Let’s talk about Earl. Earl likes coffee. Earl also likes women. A frequent visitor at my job, his sexually suggestive stares and comments toward women, both employees and customers, have earned him the reputation of being a creep. It’s disturbing. I’ve long wanted to call out his behavior, yet the women I work with seem not to mind him. When Earl makes comments to them, they laugh and play along. I am confused. I ask questions. The unanimous response is that Earl means no harm and it is done in a public place, so it does not bother them. “You get used to it,” they agreed.
This does not sit well with me. Numerous women have been sexually assaulted in public spaces, sometimes by men they thought meant no harm. According to Amnesty International, “without exception, a woman’s greatest risk of violence is from someone she knows.” RAINN estimates that 73% of sexual assaults against women are perpetrated by a non-stranger. How have women managed to feel safe when the bystander effect is so well-documented? How is it possible that these women have simply “gotten used” to being sexually harassed? Then again, when immersed in the rape culture that is the U.S., how could they not be used to it? Does “I’m used to it” really mean “I’m tired of fighting so I’ll just put up with it”? If so, is this where allies come in?
Learning to navigate the world as a man when raised as a girl continually proves challenging. Among other things, I have been forced to acknowledge that I now benefit from certain male privileges. I have shared this story with friends, and some have questioned why I approached the women instead of the customer about his behavior. “It can come across as looking for a moment to praise yourself [and] use these women for your own personal gain/knowledge,” one noted. In other words, not approaching the customer meant I potentially abused one of my male privileges. Understood…sort of.
As a person of several marginalized identities, I am frequently asked when an ‘ally’ should speak. I have the same question. It is my job as a man who believes in equality and equity for women to support women by any means necessary. However, what does it mean to support? By speaking up for these women (in their presence) am I exhibiting behaviors from a ‘Male Saviour Complex’? If I do not, am I contributing to the very patriarchal systems and ideologies that I loathe?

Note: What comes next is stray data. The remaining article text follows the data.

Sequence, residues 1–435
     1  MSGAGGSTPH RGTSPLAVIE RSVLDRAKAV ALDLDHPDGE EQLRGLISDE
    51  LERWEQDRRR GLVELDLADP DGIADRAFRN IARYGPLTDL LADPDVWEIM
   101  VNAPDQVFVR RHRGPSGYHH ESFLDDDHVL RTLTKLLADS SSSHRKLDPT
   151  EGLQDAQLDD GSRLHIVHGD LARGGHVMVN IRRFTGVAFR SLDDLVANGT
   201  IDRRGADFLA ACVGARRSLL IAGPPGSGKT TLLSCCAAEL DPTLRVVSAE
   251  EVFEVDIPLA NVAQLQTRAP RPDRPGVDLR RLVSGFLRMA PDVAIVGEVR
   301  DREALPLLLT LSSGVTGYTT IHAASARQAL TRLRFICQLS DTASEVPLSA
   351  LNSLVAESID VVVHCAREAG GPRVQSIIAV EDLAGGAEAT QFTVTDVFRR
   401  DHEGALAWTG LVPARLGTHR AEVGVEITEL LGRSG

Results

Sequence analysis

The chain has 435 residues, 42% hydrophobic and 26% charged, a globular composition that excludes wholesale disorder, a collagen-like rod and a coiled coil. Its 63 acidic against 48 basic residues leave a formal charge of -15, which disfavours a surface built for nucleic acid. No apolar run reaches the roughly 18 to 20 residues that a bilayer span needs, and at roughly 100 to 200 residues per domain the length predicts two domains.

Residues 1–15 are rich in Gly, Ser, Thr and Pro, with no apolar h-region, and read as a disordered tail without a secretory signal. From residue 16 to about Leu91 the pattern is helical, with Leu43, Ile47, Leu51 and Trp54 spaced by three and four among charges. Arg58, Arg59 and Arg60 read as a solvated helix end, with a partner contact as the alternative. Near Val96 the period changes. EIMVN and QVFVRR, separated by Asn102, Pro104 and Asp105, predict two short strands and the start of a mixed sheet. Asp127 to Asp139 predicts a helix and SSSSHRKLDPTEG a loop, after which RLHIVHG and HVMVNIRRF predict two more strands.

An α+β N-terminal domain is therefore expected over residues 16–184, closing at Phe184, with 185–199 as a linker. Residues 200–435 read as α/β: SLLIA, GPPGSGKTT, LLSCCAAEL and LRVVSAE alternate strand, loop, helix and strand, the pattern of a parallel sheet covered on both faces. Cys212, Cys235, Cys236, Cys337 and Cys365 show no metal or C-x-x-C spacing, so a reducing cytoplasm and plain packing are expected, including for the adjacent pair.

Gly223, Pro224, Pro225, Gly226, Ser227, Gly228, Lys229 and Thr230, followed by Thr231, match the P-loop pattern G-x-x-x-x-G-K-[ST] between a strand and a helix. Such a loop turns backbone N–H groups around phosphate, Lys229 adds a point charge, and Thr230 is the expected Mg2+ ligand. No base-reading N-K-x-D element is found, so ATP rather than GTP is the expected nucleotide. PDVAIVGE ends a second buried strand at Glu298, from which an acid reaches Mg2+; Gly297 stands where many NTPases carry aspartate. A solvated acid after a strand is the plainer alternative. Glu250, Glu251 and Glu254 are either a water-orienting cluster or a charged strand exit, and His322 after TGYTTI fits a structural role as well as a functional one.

I’ve been taught not to say, “Let me help you,” but to ask, “How can I help?” I called into question the feelings of the women because in my approach to helping others, it is important to be aware of how they would actually like me to help. In many cases this pivotal step is forgotten, assumptions are made, and suddenly a would-be useful individual becomes a victim of the “________ Saviour Complex.” I am not here to save anyone. I am here to aid. In the presence of a marginalized group, I leave the power in their hands to be in control of the situation. It is, after all, about them. And whatever happens will affect them. Though it is nice to see someone else call out oppression against you, it is also nice to not have your needs assumed and to be given the power that is often stolen from you.
This approach does not sit well with some, leaving me displeased with my inability to please all parties. When your actions are open to interpretation and criticism by an entire community with varied beliefs, it is difficult to decide what move would best benefit said people. I am not sure what to do. While I do not want to abuse my privilege and silence/bring unwanted attention to any group I have social power over, I also do not want to ignore the possibility of using that power for good. Privilege, at times, is beneficial. It can allow one to help to helping marginalized communities. Albeit being highly problematic, it is through privileged individuals that messages are often understood by the masses.
To date, I have said nothing to the customer about his behavior. It seems as though doing is a catch-22: educate a misogynist, but ignore the wishes of women directly involved. I’d be using my privilege for a greater good yet personal evil. This goes against many internal beliefs that I am not willing to compromise. So I will sit in silence, as demanded by my coworkers and to the dismay of both other women and myself. This makes me uncomfortable–angry, even. I understand that my silence is problematic and do not agree with silence being the solution. But I accept it when necessary. And for now I suppose it is necessary.
(Photo: ‘Who Needs Feminism?‘)